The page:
The government of Bangladesh has recently formed a new wage board for the readymade garment (RMG) industry where 4.4 million workers are currently employed.
There are around 45 industrial sectors in our country, each with its own set minimum wage. This means that there is no national minimum wage.
In the garment sector, there are seven grades of workers' wages. The lowest grade is grade seven which is for unskilled workers—Tk 5,300. However, workers also receive overtime allowances, two festival bonuses and attendance bonus. All these included, the monthly take-home wage at the entry level is between Tk 8,000-9,000.
The last wage review in the RMG sector was done in 2013 when it was increased from Tk 3,000 to Tk 5,300. Previously, it was Tk 1,662.50 till the end of 2010. According to Bangladesh's labour laws, the minimum wage of workers needs to be revised every five years. So, the next revision is due this year. The revision would be done by a tripartite wage board comprised of the government, representatives of garment factory owners and workers. In reviewing the minimum wage, the board will take into consideration the cost of living of workers, their standard of living, cost of production of factories, productivity, price of products, business capability, economic and social condition of the country and of the localities concerned, as well as other relevant factors.
In the last round of negotiations in 2013, the minimum wage was increased by around 80 percent which was a substantial increase at once. That was a fair decision too which not only benefited the workers, but also ensured growth of the entire RMG sector as many Western customers demanded a significant increase in wages considering the plight of workers, especially after the tragic Rana Plaza incident. The RMG sector adhered to its responsibility at the time in order to develop better relations with buyers.
This time the minimum wage is going to be revised at a time when the country is about to graduate out of the least developed country (LDC) category. As a LDC, Bangladesh now enjoys duty-free access to the European Union (EU) where about 60 percent of the total “Made in Bangladesh” apparel is sent. After the graduation, Bangladesh would no longer be able to avail the duty-free access to the EU. So, those reviewing the wage board need to ensure fair wage for workers keeping this in mind. They must put their business hat on in the upcoming wage negotiations to develop a financial strategy for sustaining growth, even after the duty-free access is cancelled. There is also a need for an economic infrastructure as regards to the minimum wage negotiations, that can sustain a lasting wage system—a long-term and strategic framework where international buyers can forecast the implications of working with Bangladesh, as all businesses are built on long-term relations. We need to demonstrate prudence and ensure that business goes hand in hand with ethics.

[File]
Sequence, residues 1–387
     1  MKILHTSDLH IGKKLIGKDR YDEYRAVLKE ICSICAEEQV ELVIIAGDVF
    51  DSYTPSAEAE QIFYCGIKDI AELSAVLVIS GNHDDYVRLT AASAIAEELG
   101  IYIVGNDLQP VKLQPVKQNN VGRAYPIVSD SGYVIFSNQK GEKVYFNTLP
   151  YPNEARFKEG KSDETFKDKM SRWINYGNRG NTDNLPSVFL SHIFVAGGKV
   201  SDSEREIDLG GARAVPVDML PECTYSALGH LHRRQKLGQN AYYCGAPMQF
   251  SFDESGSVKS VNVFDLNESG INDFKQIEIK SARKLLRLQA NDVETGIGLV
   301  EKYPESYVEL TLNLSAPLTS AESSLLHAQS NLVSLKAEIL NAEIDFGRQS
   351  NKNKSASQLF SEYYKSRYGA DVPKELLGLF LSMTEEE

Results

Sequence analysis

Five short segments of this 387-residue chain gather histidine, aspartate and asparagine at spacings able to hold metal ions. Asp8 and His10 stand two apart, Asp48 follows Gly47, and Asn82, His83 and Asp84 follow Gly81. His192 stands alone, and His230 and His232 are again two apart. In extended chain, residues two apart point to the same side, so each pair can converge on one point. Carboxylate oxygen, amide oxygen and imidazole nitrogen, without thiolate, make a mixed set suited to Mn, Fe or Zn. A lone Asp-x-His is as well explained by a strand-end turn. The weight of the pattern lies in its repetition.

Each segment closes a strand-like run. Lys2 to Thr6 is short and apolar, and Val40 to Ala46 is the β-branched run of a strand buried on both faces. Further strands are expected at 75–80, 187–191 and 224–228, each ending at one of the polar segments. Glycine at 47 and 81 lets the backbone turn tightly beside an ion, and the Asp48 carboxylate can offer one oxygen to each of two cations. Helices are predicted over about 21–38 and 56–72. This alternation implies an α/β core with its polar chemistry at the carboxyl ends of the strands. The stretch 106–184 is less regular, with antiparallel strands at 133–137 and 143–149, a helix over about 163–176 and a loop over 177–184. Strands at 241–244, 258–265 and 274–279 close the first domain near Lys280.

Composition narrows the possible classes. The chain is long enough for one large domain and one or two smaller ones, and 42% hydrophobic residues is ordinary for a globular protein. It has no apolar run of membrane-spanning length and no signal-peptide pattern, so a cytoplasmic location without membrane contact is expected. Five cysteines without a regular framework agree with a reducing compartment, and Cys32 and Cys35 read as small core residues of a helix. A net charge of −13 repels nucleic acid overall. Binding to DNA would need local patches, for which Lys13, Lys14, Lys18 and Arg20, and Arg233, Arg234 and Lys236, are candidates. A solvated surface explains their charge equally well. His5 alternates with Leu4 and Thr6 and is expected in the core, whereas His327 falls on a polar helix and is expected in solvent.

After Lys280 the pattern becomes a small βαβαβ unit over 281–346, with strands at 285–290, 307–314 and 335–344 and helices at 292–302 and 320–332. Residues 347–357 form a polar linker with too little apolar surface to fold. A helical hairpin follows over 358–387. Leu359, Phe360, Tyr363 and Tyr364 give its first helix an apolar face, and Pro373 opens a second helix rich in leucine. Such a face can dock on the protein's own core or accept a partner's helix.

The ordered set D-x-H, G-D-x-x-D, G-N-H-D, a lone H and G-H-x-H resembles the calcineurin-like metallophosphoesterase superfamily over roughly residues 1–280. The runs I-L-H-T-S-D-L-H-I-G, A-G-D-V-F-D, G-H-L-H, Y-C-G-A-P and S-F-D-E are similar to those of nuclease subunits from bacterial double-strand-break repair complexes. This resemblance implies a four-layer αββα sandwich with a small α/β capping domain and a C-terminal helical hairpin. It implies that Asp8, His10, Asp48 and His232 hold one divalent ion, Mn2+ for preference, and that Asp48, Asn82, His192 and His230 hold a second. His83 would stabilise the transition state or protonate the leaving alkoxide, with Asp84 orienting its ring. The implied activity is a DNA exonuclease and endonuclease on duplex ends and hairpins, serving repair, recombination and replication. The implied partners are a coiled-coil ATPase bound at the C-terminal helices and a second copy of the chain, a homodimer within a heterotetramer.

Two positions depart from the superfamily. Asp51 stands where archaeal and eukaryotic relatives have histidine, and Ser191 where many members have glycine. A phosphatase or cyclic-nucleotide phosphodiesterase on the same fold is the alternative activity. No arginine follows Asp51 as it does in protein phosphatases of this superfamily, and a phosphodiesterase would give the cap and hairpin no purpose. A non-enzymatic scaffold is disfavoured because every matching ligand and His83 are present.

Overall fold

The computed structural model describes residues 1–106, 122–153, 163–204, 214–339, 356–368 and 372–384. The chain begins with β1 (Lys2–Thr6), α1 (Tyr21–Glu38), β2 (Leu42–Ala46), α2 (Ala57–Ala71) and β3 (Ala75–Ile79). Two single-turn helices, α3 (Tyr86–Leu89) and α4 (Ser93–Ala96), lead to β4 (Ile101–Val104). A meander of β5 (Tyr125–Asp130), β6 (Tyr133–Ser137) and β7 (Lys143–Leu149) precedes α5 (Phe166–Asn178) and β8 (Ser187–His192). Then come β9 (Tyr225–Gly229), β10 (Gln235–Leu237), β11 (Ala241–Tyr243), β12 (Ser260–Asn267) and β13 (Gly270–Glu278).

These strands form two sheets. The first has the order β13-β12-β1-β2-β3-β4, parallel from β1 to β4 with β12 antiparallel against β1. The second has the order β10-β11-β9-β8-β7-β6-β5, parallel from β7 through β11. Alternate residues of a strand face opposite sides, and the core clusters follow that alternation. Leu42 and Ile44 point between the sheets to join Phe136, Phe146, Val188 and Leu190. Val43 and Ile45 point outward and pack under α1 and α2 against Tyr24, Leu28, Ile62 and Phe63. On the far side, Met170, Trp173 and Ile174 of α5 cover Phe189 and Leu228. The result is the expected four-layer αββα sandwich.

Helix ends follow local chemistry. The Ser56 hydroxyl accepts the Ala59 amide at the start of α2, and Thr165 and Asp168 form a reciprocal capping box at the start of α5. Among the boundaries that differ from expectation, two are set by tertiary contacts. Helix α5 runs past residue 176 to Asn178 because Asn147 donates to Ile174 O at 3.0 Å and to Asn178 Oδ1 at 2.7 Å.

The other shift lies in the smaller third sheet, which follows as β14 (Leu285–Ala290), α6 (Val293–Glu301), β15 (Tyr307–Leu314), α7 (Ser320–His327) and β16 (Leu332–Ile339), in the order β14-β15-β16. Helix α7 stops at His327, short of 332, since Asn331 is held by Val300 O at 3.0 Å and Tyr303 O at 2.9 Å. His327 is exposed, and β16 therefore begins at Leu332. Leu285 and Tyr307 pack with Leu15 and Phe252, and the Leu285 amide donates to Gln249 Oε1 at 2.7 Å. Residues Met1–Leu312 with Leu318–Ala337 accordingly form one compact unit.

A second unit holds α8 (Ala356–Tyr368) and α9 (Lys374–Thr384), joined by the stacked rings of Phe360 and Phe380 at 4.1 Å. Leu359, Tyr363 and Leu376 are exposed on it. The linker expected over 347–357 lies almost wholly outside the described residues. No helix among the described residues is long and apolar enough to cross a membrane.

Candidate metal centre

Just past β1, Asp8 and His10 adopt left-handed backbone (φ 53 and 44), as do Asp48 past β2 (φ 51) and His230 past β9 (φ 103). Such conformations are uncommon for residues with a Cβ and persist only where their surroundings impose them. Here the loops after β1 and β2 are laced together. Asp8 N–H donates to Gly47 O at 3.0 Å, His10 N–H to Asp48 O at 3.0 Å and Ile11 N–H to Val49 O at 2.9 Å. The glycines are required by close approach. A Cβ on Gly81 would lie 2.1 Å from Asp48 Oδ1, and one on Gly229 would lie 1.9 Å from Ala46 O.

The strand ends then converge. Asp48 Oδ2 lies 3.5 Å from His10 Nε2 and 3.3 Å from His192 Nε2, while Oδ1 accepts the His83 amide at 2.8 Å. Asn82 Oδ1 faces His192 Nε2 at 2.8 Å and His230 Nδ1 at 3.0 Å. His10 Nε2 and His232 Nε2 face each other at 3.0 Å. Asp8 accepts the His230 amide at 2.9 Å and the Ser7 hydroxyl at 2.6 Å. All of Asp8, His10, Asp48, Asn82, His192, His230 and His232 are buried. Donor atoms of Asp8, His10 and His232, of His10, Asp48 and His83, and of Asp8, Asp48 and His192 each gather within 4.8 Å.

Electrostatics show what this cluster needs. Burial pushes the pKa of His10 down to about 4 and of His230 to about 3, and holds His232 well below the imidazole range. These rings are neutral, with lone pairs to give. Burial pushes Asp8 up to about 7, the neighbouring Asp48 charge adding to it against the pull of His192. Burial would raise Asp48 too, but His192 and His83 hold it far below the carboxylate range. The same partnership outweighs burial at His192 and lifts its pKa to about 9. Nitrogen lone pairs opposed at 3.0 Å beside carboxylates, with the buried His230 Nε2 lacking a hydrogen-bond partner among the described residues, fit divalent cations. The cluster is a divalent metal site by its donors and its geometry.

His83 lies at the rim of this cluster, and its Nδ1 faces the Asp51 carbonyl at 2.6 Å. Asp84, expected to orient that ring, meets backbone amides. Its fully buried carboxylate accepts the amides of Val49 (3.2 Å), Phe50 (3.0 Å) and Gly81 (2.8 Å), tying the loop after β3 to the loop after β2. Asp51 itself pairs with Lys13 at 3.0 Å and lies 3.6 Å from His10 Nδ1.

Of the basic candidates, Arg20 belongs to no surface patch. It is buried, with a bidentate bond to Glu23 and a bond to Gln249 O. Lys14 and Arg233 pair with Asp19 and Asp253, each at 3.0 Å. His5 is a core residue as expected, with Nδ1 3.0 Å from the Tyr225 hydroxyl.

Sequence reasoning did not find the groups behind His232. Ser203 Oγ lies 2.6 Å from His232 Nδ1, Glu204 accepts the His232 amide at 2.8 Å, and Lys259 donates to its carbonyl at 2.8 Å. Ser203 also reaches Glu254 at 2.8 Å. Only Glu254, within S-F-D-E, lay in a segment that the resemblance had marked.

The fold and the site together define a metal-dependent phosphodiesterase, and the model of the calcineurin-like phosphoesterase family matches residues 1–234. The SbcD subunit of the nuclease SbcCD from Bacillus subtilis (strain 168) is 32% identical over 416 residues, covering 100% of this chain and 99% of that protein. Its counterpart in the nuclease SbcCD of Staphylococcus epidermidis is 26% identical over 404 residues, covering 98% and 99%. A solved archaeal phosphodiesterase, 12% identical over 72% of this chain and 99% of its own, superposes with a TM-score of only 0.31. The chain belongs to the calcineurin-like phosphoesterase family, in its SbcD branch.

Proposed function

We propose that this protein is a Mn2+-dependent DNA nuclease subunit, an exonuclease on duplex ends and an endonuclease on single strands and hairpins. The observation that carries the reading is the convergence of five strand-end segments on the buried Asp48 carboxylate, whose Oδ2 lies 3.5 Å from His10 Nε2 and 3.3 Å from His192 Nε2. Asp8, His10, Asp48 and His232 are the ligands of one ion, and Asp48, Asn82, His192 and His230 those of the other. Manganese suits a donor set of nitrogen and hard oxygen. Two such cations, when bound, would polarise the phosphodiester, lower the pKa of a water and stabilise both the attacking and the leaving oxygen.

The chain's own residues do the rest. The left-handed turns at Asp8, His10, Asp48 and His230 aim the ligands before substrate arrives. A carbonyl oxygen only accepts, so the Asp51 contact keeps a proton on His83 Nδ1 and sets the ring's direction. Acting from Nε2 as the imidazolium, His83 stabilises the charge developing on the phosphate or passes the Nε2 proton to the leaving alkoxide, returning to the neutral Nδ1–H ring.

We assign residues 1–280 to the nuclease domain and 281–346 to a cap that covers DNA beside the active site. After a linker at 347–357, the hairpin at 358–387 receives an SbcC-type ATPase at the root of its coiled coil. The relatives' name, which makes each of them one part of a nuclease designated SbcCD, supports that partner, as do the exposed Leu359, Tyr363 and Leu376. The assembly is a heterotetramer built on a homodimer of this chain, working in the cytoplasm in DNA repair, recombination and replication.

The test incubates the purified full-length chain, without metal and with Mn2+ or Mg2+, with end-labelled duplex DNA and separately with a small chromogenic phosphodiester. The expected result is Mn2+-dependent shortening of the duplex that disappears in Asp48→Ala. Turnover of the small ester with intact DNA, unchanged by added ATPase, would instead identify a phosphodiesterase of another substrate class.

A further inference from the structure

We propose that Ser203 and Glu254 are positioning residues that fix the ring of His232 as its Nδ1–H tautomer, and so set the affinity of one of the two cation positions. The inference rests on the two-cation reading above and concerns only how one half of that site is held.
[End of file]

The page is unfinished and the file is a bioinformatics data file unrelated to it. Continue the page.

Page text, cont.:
Moreover, we need to take a macro-economic view of the post-wage increment situation. Every time a new minimum wage is declared, we see house rent in the industrial areas and price of essentials rise. As a result, workers can hardly benefit from such increment because of inflation. So, the government needs to strongly deal with such issues and prevent unwarranted price spirals once the minimum wage is reviewed.
Moreover, in order to compete in the long-run, we have to also bear in mind the challenges faced by our apparel manufacturers. It is a buyers' market and we are still the price-taker. Therefore, the financial implications of any decision should not be taken lightly, as an adverse impact on profitability may slowdown investment in the sector.
There is no denying that low cost production could not be the only way forward for us as a middle-income nation. Without a balanced development in value adding capability, the industry will not be able to support the future economy of Bangladesh. When the world is quickly moving forward and looking to use technologies like robots programmed with artificial intelligence to improve productivity, it is high time for us to think about restructuring wages in the RMG sector. Changing the mindset of workers so that they accept wages based on productivity might be a daunting task, but without it, our RMG factories may not remain competitive in the long-run. Owners must also change their mentality and realise that a productive worker will earn more for them, as every cent spent on workers is paid back in return as additional output.
Mostafiz Uddin is the managing director of Denim Expert Limited, and founder and CEO of Bangladesh Apparel Exchange (BAE).